Post 62 in a series. When Green Turns Brown is an examination of a small town’s digester-energy project, in which Whitewater, Wisconsin would import other cities’ waste, claiming that the result would be both profitable and green.
In the 12.15.15 meeting at which the Donhoue firm advocated note merely wastewater upgrades but waste importation into Whitewater, Donohue’s Mike Gerbitz contends that Whitewater’s large digester capacity (no longer needed locally) is a boon to the city, and that the earlier expenditure (now excess capacity) justifies a new program of waste importation. In fact, his assessment is ill-considered, and represents a garden-variety economic fallacy that one can easily spot and refute. (Whitewater paid over one million dollars in consulting fees for thinking such as Gerbitz’s.) Here’s his argument, appearing at 29:31 on my video of the meeting (I’ll address his claims about what other communities are doing in future post):
I’ll offer some other perspective….And a number of communities in the upper Midwest, particularly here in Wisconsin have decided to leverage some of the investment previous generations have made to make wastewater treatment more cost effective. Thirty-five years ago somebody built, somebody decided to build, very large digesters, okay? Today you’re only using a very small fraction of that capacity, that this community has paid for, and is done paying for, and has been done paying for a long time….
See, Local Government Discusses a Waste Importation Project @ Vimeo, beginning at 29:31.
Gerbitz either doesn’t know – or hopes his audience doesn’t know – that he’s committed the economic fallacy of sunk costs, of believing that past expenditures should bind future action.
On the contrary, it’s irrational to commit to a future course simply because one has spent lavishly on a project in the past – one looks at the present possibilities for spending, and decides from among all present options what’s best going forward. (I’ll show later that advocacy for waste importation going forward rests – indeed requires – ignorance of the real costs of the project, including the side-effects of it.)
Julia Galef explains the fallacy in greater detail:
So I want to introduce you to a concept known as the sunk cost fallacy. Imagine that you’re going to the store and you’re halfway there when you realize, “Oh wait, the store is actually closed today.” But you figure, “Well, I’ve already come ten blocks. I might as well just go all the way to the store, you know, so that my ten blocks of walking won’t have been wasted. Well, this is a transparently silly way to reason and I doubt that any of us would actually go all the way to a store that we knew was closed just because we’d already gone ten blocks.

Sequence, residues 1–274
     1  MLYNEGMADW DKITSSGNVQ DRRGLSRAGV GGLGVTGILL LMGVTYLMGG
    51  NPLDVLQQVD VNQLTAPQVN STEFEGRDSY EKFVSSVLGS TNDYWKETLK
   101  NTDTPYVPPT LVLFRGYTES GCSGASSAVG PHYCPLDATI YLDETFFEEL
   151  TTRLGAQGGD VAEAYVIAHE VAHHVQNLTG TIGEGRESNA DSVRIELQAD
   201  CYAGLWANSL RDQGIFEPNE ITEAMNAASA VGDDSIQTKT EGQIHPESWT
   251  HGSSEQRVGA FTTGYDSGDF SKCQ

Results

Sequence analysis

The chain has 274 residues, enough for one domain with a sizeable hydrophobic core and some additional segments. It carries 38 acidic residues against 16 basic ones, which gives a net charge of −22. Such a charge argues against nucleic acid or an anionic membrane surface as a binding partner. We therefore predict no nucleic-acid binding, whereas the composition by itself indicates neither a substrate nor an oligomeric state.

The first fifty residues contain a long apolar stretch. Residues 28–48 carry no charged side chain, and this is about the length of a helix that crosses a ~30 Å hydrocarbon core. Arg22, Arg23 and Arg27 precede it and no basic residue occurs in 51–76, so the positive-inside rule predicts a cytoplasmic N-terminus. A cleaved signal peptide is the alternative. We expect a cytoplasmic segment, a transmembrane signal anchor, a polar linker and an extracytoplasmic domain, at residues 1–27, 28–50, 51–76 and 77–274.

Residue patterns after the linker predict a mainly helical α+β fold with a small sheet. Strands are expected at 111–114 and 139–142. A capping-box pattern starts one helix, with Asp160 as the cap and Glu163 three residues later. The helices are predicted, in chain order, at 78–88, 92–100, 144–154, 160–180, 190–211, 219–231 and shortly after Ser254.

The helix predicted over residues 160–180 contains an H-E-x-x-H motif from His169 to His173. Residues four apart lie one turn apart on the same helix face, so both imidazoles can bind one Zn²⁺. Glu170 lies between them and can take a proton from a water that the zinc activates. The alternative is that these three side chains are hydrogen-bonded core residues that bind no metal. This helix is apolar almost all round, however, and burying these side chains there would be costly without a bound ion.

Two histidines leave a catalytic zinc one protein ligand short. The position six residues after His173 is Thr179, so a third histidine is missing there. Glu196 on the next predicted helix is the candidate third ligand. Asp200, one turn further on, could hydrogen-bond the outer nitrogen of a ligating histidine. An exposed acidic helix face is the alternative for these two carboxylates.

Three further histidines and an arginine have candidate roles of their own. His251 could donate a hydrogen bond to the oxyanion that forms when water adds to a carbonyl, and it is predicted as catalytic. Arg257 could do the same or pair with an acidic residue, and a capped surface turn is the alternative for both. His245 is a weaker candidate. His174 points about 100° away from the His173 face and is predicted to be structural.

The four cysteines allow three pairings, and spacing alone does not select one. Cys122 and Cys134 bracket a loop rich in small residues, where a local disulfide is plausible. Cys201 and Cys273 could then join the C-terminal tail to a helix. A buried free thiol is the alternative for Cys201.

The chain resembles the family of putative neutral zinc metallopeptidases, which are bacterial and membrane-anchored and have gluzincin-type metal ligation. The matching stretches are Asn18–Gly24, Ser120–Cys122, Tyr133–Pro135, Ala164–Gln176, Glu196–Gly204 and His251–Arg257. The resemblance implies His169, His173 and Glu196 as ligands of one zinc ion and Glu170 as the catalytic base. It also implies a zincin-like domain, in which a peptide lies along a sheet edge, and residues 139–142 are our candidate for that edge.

But this pattern of thinking is actually surprisingly common in scenarios that are a little bit less obvious than the store example. So, say you’re in a career and it’s becoming more and more clear to you that this isn’t actually a fulfilling career for you. You’d probably be happier somewhere else. But you figure I’ll just stick with it because I don’t want my past ten years of effort and time and money to have been wasted. So the time and money and effort and whatever else you’ve already spent is what we call the sunk cost. It’s gone no matter what you do going forward. And now you’re just trying to decide given that I’ve already spent that money or time or whatever, what choice is going to produce the best outcome for my future.
And the sunk cost fallacy then means making a choice not based on what outcome you think is going to be the best going forward but instead based on a desire not to see your past investment go to waste.
Once you start paying attention to the sunk cost fallacy you’ll probably notice at least a few things that you would like to be doing differently. And maybe those will be small scale things like, in my case, I now am much more willing to just abandon a book if a hundred pages in I conclude that I’m not enjoying it and I’m, you know, not getting any value out of it rather than trudging through the remaining 200-300 pages of the book just because I don’t want, you know, my past investment of a hundred pages, the time that I spent reading those hundred pages to go to waste.
And you might notice some large things, too. For example, I was in a Ph.D. program and started realizing, “Gee, this really isn’t the field for me.” And you know, it’s a shame that I have spent the last several years preparing for and working in this Ph.D. program but I genuinely predict going forward that I’d be happier if I switched to another field. And sometimes it really does take time to fully acknowledge to yourself that you don’t have any good reason to stick with the job or Ph.D. or project that you’ve been working on so long because sunk costs are painful. But at least having the sunk cost fallacy on your radar means that you have the opportunity at least to push past that and make the choice that instead will lead to the better outcomes for your future.
See, Julia Galef: The Sunk Costs Fallacy.
(It’s worth noting that attempts to refute the claim that costs should be calculated on the margin – and sunk costs ignored – often involve either appeals to the value of concealing past mistakes or contentions that people in real-world situations disregard an on-the margin analysis. Concealing past mistakes is of no advantage for policy here, and does not apply to a capacity now fallen into desuetude when a nearby dairy left the area; claims that people sometimes act otherwise than by following a margin-based assessment only show that some – such as Gerbitz, in this case – either act wastefully or seek to persuade others against a rational outcome.)
Over a million dollars for these consultants – but for all, garden-variety error presented as sound advice.